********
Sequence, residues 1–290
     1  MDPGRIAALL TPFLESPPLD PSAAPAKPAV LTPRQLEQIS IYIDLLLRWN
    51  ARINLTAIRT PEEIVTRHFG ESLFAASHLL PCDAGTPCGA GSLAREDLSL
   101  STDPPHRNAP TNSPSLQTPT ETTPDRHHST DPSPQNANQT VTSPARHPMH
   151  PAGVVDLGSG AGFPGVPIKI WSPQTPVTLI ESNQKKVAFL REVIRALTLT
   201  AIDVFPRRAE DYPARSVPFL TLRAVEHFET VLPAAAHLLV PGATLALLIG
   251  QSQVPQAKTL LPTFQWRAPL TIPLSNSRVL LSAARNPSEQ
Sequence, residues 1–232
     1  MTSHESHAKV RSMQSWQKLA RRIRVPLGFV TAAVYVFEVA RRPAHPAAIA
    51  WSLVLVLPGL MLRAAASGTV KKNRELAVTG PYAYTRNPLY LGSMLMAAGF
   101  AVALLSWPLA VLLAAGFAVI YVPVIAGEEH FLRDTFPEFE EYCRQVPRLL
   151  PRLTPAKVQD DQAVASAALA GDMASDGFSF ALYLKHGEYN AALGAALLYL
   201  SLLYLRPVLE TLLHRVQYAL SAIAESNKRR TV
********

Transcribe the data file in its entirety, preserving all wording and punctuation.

Sequence, residues 1–290
     1  MDPGRIAALL TPFLESPPLD PSAAPAKPAV LTPRQLEQIS IYIDLLLRWN
    51  ARINLTAIRT PEEIVTRHFG ESLFAASHLL PCDAGTPCGA GSLAREDLSL
   101  STDPPHRNAP TNSPSLQTPT ETTPDRHHST DPSPQNANQT VTSPARHPMH
   151  PAGVVDLGSG AGFPGVPIKI WSPQTPVTLI ESNQKKVAFL REVIRALTLT
   201  AIDVFPRRAE DYPARSVPFL TLRAVEHFET VLPAAAHLLV PGATLALLIG
   251  QSQVPQAKTL LPTFQWRAPL TIPLSNSRVL LSAARNPSEQ
Sequence, residues 1–232
     1  MTSHESHAKV RSMQSWQKLA RRIRVPLGFV TAAVYVFEVA RRPAHPAAIA
    51  WSLVLVLPGL MLRAAASGTV KKNRELAVTG PYAYTRNPLY LGSMLMAAGF
   101  AVALLSWPLA VLLAAGFAVI YVPVIAGEEH FLRDTFPEFE EYCRQVPRLL
   151  PRLTPAKVQD DQAVASAALA GDMASDGFSF ALYLKHGEYN AALGAALLYL
   201  SLLYLRPVLE TLLHRVQYAL SAIAESNKRR TV